The Democratic National Convention was held from August 26th to the 29th in the International Amphitheater in Chicago, Illinois. President Lyndon B. Johnson had already declared that he wasn’t seeking reelection, so the Democratic Party had focused on finding a new nominee — with demonstrators demanding that the candidate should be antiwar.
Unfortunately, the protests led to multiple days of bloodshed in Chicago, with countless people injured. Hundreds of protesters were arrested, with estimates ranging from 589 to over 650.
Among those arrested were the men who would later be known as the Chicago Seven (originally the Chicago Eight, and sometimes called the Conspiracy Eight or Conspiracy Seven): Abbie Hoffman, Jerry Rubin, David Dellinger, Rennie Davis, John Froines, Lee Weiner, and future California state senator Tom Hayden. While Black Panther Party co-founder Bobby Seale was initially the eighth defendant, he was later ordered to stand trial separately.
The Chicago Seven On Trial
Presided by Judge Julius Hoffman, the trial saw all eight defendants charged under provisions of the Civil Rights Act that made it a federal crime to cross state lines to incite a riot. The five-month trial began in September 1969 — and it was rife with controversy from the start.
After Seale complained about not being able to choose his own lawyer, he was ordered to appear before the jury bound, gagged, and chained to a chair. Soon after, Seale was removed from the case and ordered to stand trial on his own — leaving the others with the infamous Chicago Seven moniker. And they did not enter the courtroom quietly.
“This court is bullsh-t,” Davis and Rubin declared. Bold as ever, the group continued to use theatric strategies to make a point — despite the serious charges they were facing.
At one point, Hoffman and Rubin entered the courtroom dressed in judicial robes, with Chicago police uniforms underneath. Another time, Hoffman extended his middle finger while he was sworn in as a witness. The Chicago Seven as a whole regularly insulted the judge to his face, with Hoffman calling him a “disgrace for the Gentiles” in Yiddish.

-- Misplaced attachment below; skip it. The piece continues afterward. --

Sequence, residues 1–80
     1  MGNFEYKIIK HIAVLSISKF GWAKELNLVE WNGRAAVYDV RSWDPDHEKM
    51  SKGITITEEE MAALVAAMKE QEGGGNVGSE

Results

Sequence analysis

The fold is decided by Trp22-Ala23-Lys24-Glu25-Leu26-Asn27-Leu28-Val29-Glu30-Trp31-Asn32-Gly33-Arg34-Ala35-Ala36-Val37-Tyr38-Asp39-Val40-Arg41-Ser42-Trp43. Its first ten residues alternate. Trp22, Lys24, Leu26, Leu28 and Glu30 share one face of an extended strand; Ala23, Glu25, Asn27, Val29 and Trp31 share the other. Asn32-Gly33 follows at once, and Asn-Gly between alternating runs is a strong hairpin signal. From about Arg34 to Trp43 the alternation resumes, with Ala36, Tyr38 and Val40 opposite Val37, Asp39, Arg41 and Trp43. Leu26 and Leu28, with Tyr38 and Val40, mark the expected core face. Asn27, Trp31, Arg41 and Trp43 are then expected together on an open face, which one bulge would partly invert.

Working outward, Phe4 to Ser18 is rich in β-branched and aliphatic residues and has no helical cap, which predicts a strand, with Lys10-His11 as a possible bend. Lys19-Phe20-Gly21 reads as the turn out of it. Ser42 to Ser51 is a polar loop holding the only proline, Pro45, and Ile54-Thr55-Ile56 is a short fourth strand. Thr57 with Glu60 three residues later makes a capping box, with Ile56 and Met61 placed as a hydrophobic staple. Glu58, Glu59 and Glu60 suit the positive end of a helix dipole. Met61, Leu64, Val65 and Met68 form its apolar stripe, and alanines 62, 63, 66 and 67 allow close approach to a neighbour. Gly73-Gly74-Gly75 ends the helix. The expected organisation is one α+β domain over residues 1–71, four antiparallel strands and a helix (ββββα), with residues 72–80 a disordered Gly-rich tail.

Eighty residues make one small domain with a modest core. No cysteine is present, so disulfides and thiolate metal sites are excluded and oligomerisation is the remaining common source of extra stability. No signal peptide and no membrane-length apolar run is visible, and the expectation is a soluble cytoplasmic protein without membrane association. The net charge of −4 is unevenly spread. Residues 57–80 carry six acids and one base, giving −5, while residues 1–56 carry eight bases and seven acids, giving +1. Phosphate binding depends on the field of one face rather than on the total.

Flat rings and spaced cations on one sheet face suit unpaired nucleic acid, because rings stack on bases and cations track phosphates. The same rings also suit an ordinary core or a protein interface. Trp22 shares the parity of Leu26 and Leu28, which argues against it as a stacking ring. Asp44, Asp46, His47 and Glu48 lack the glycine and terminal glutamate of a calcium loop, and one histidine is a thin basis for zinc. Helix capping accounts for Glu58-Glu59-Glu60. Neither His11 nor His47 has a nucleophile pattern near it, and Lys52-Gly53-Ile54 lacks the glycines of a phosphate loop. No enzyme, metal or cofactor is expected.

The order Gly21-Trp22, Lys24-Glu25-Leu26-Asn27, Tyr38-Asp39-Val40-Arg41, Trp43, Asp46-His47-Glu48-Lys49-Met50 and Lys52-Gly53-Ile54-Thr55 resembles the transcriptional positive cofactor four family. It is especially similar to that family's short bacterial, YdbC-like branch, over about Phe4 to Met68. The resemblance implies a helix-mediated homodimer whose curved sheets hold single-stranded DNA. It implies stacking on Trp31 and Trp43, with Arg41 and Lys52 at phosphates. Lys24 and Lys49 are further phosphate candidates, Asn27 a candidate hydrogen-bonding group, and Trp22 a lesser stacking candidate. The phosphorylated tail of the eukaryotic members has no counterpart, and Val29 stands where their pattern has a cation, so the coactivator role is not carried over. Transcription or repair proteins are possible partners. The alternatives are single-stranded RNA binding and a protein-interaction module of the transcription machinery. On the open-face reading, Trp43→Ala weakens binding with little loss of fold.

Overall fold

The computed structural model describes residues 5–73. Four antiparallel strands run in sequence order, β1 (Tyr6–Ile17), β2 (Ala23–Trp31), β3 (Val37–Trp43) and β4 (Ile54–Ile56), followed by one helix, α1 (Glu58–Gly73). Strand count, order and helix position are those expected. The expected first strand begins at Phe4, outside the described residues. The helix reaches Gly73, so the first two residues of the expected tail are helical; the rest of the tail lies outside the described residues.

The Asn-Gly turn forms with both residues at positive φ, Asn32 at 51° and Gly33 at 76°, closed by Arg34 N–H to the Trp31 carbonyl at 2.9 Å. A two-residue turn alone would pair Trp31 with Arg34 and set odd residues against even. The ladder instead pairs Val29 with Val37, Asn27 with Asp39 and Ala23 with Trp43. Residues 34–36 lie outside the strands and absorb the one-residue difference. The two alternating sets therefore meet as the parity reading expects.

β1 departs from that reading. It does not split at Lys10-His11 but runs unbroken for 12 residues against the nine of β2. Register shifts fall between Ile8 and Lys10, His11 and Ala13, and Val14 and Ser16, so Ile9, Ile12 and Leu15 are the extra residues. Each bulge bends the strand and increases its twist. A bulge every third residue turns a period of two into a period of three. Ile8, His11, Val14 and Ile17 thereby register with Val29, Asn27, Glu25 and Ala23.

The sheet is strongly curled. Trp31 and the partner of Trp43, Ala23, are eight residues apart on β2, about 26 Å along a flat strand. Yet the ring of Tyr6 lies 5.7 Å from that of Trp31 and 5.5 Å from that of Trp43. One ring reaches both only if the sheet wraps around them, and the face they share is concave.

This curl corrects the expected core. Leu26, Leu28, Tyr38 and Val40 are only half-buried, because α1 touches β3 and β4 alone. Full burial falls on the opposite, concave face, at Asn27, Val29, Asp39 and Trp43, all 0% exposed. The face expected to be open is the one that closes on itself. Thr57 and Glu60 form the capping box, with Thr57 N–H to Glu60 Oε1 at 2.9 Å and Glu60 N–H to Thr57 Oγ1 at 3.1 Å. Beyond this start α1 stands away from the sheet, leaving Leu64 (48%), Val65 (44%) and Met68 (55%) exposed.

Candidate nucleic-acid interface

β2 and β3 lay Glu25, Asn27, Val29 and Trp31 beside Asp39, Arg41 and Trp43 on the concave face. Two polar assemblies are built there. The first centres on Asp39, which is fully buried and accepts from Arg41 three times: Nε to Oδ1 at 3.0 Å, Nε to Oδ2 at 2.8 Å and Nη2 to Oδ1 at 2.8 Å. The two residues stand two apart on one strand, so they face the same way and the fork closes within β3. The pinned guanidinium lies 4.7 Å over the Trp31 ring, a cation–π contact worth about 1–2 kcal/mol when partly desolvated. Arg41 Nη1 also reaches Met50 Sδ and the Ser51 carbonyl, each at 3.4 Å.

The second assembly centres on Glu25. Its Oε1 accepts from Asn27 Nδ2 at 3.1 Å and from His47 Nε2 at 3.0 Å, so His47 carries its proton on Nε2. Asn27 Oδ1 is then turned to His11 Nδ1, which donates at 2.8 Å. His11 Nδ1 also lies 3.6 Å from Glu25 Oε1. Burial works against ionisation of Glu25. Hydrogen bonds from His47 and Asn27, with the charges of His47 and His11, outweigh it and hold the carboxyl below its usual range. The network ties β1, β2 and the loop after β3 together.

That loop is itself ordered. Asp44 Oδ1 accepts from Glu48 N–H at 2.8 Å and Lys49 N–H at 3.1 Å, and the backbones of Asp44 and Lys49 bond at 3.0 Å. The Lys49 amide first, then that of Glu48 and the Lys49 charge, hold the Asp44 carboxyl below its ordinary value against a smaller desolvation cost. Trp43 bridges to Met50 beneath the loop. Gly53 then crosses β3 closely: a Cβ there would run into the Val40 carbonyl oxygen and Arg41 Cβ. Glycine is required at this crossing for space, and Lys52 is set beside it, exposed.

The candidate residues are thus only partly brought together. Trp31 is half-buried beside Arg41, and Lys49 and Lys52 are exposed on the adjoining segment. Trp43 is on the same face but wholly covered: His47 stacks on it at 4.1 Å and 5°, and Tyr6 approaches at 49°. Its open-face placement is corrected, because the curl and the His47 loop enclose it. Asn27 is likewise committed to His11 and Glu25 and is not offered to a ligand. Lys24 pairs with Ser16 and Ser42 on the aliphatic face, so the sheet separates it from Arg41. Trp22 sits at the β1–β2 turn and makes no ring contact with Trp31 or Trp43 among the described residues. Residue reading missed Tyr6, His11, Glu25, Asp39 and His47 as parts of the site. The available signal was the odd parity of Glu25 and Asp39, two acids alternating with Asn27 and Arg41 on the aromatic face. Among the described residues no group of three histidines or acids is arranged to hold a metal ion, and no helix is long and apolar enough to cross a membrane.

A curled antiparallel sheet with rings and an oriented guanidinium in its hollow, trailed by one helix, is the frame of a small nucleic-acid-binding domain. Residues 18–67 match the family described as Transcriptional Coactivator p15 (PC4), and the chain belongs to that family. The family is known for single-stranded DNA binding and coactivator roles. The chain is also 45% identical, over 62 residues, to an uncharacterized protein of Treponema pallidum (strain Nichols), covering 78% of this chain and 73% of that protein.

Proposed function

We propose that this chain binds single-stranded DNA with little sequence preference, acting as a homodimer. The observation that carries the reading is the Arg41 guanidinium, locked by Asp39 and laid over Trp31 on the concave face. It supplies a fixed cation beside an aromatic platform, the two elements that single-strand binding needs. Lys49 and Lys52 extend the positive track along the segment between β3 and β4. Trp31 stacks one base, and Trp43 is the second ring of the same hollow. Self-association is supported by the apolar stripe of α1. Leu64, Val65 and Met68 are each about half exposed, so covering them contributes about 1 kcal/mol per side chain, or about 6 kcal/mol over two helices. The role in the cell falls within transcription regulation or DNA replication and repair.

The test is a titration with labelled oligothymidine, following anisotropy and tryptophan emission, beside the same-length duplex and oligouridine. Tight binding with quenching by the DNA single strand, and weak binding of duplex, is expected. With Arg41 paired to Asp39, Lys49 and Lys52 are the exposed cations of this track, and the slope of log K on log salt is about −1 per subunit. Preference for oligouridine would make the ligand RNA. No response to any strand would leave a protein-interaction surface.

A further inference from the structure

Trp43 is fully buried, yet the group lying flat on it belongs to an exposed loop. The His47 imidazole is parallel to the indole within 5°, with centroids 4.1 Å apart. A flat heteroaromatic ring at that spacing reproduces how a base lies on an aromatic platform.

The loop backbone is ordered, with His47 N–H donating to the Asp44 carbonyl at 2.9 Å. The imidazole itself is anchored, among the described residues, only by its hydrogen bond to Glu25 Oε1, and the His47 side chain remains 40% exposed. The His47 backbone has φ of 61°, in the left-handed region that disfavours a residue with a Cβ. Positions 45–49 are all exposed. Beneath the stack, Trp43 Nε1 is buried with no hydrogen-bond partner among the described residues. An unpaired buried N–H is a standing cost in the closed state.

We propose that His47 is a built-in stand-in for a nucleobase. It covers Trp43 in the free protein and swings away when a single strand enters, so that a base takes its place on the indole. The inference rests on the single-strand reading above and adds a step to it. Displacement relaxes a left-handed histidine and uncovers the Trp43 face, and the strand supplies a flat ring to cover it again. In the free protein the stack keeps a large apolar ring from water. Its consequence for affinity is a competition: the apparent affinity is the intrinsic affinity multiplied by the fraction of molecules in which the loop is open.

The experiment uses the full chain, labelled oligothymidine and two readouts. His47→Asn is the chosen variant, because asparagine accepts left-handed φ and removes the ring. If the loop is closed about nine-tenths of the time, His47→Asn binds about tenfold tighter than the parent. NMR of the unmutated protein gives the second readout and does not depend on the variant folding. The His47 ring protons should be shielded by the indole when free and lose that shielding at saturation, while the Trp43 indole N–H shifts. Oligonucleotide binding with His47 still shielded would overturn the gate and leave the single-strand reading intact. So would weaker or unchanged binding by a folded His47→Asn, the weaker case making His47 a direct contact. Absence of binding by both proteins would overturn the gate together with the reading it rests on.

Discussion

“Your idea of justice is the only obscenity in the room,” he told the judge.
Though the group had character witnesses vouch for them, all seven defendants were found guilty of contempt of court in February 1970. And all but Froines and Weiner were found guilty of crossing state lines with the intention of starting a riot. They were sentenced to five years in prison and fined $5,000.
However, none of the seven were found guilty of conspiracy. And ultimately, none of them would serve time. Due to the judge’s procedural errors and his overt hostility to the defendants, a Court of Appeal overturned the criminal convictions in 1972.
The End Of An Era
One of Hoffman’s most infamous moments remains his “incident” at the 1969 Woodstock Festival. He interrupted The Who’s performance to speak up for John Sinclair, a White Panther Party activist who had just been sentenced to 10 years in prison for possession of marijuana.
“I think this is a pile of sh-t while John Sinclair rots in prison,” Hoffman howled into the microphone. The exchange can still be heard on The Who’s Thirty Years of Maximum R&B.
This moment arguably foreshadowed Hoffman’s decline into a more dispirited state. After the Chicago Seven trial, he shifted into the somewhat quieter life of a writer. His 1971 guide, Steal This Book, instructed readers on how to “live for free” — and saw some bookstores pull it from their shelves after people took the title literally and started stealing it en masse.
But nothing set the stage for his final years more than his 1973 arrest for trying to sell $36,000 worth of cocaine. Jumping bail, Hoffman went on the run for over six years.
After receiving plastic surgery on his nose and giving himself the new name of Barry Freed, Hoffman settled in upstate New York. But he soon tired of life as a fugitive and surrendered himself to authorities in 1980.
The End Of A Counterculture Hero
Though he agreed to plead guilty to a reduced charge of possession, Hoffman was still sentenced to up to three years in prison in April 1981. He only ended up serving about a year. But when he realized that protest culture was on the decline, Hoffman felt defeated.
Much had changed since Hoffman had last been in the public eye — and he felt that young people had become more self-centered and less concerned with changing society for the better.
On April 12, 1989, Hoffman was found dead in his bed at his Pennsylvania apartment after swallowing 150 phenobarbital tablets. He was just 52 years old when he died and his death was ruled a suicide.
While Hoffman’s story had a sad ending, his legendary activism remains a powerful snapshot of the counterculture of the 1960s and ’70s. He was even portrayed in the 1994 movie Forrest Gump, speaking out against “the war in Viet-f-cking-nam.” In October 2020, his role in the antiwar movement will be explored much more fully in Netflix’s The Trial of the Chicago 7.
Hoffman’s ideals were best described in 1987, when he explained his goals:
“You are talking to a leftist. I believe in the redistribution of wealth and power in the world. I believe in universal hospital care for everyone. I believe that we should not have a single homeless person in the richest country in the world. And I believe that we should not have a CIA that goes around overwhelming governments and assassinating political leaders, working for tight oligarchies around the world to protect the tight oligarchy here at home.”